I felt like someone was pushing me from behind, down a path of life I was at best ambivalent about, if not outright opposed to. Sure, the pay, title, and prestige of all that big law had to offer was before me, but so were the hours, the stresses, the bureaucracy, and constant exposure to the sirens’ seductive singing. I had begun to live someone else’s story, and the longer I lived it, the more it became mine and the harder it was to pull away. I had to get out.
Another motivation for my exit was to provide a more flexible vehicle for me to pursue the hearts of other lawyers. Having attended seminary prior to law school, I’ve always thought of my practice of law as a divine calling. I often refer to myself as a “minister of the law.” My time in the trenches of big law exposed me to the profound need for someone who understands the particular demands of the profession to minster to the hearts of those subject to its grueling pressures. Hanging out my own shingle would (hopefully) afford me more freedom to minister to those attorneys God brought into my life while simultaneously serving as a prophetic declaration that there is a better way. I want to help my brothers and sisters of the bar to become whole-hearted lawyers.
Taking the Leap
Once the decision was made, questions inevitably arose: How will I provide for my family? Where will I get clients? Do I have what it takes? Can I make it on my own without the support of staff and supervision of partners? Will I commit malpractice and get disbarred, thereby dooming my career? Will I ruin my family? How will I ever pay my bills, especially my student loans? What will my colleagues think of me? Won’t I disappoint the partners?
The questions generated fear and uncertainty. But God provided me (and my valiant and stalwart wife) the courage and peace to not allow those questions to become debilitating. Thus, with exactly one client (on a relatively dormant matter) and no idea where my next paycheck would come from, I stepped out of the big law boat on September 1, 2015.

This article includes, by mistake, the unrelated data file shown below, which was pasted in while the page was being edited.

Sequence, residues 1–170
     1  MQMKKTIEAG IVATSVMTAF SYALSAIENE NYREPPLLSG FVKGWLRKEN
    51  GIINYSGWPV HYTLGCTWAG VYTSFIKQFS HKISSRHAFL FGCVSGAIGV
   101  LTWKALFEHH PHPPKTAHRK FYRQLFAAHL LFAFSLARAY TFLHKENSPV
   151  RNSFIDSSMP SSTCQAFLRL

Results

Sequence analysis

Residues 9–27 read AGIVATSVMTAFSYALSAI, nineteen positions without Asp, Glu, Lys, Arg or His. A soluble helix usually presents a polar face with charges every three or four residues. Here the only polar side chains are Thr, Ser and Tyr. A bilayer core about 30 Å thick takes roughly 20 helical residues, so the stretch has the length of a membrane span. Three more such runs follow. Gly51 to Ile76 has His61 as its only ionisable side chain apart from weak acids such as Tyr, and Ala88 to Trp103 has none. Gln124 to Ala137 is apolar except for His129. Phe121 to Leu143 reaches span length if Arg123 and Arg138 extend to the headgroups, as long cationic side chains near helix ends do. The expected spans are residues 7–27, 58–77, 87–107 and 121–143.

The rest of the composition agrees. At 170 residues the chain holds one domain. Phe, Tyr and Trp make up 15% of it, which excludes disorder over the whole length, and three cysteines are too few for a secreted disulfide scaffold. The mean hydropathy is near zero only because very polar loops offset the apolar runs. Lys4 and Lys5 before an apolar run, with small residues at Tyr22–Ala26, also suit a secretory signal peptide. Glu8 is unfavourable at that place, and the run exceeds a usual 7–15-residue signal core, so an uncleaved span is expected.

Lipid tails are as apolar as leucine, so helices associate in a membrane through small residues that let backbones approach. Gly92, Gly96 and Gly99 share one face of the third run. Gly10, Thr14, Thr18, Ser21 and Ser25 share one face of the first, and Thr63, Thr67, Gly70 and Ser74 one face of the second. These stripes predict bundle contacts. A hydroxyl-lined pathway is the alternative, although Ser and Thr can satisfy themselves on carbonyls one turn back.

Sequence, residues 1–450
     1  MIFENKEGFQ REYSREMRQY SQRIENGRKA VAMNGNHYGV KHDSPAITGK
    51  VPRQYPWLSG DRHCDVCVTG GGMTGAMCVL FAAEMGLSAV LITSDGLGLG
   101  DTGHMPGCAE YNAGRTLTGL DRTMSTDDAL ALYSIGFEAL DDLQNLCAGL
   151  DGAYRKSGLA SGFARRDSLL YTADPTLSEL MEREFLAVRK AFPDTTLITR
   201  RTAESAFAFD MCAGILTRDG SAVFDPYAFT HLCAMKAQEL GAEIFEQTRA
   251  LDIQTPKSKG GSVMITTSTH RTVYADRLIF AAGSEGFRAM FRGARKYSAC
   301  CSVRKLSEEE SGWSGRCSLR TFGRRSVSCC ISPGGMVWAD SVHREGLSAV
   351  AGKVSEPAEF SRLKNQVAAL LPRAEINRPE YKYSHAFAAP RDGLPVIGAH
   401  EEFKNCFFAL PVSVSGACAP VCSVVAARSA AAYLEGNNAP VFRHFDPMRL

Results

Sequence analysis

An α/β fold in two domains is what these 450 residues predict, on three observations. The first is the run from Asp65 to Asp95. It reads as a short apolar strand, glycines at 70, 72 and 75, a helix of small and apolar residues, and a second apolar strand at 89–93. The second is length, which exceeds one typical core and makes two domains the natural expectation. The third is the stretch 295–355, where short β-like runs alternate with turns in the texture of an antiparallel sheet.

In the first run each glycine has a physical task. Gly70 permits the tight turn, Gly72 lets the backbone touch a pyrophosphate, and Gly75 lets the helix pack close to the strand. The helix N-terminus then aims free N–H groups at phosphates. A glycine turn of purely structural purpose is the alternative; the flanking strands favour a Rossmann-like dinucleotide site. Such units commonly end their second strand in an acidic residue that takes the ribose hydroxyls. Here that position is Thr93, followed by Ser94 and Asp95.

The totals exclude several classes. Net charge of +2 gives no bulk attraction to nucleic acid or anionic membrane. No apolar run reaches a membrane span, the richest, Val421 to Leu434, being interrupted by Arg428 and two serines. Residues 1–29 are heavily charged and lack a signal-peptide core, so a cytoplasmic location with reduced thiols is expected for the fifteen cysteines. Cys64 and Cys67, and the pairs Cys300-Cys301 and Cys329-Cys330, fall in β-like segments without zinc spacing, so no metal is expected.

Where We Are Now
Over the course of the last nine months, we have seen God’s steady hand of provision meet our every need. We have not missed a bill and the clients are trickling in. And while I’ve yet to match my big law salary, my family life is better, I’m finding more joy in my craft, and my faith, courage, and business acumen have all grown.
It has not been without its challenges, of course. I have more to consider now than just doing the legal work. It’s also more difficult to “leave work at work” when my commute is only six steps. And there is the occasional, wistful longing for the “melons of Egypt.”
Nonetheless, the overall transition has been life-giving and incredibly liberating. I am living a more integrated, whole-hearted life than ever before. And the practice of law has transitioned from merely a job to an adventure whereby God continues to call us to higher and farther vistas.
Share this article
This post was published June 23, 2016
- Paul Miller, A Praying Life: Connecting with God in a Distracting World, 77, 79 (Colorado Springs, CO: NavPress 2009).
- J.I. Packer, Introduction to Richard Baxter, The Godly Home, 12 (Wheaton, IL: Crossway Books 2010) (ed. Randall Peterson).
- This is not to say God requires one to work from home in order to flourish. See Psalm 104:23 (“Man goes out to his work and to his labor until the evening.”).
David Hyams, Esq. leads SDG Law, LLC based in Denver, Colorado.SDG stands for Soli Deo Gloria, one of the five “solas” of the Reformation. His specialty is religious institutions, bankruptcy, and business disputes. He also leads the downtown Law Vocation Group at Denver Institute for Faith & Work.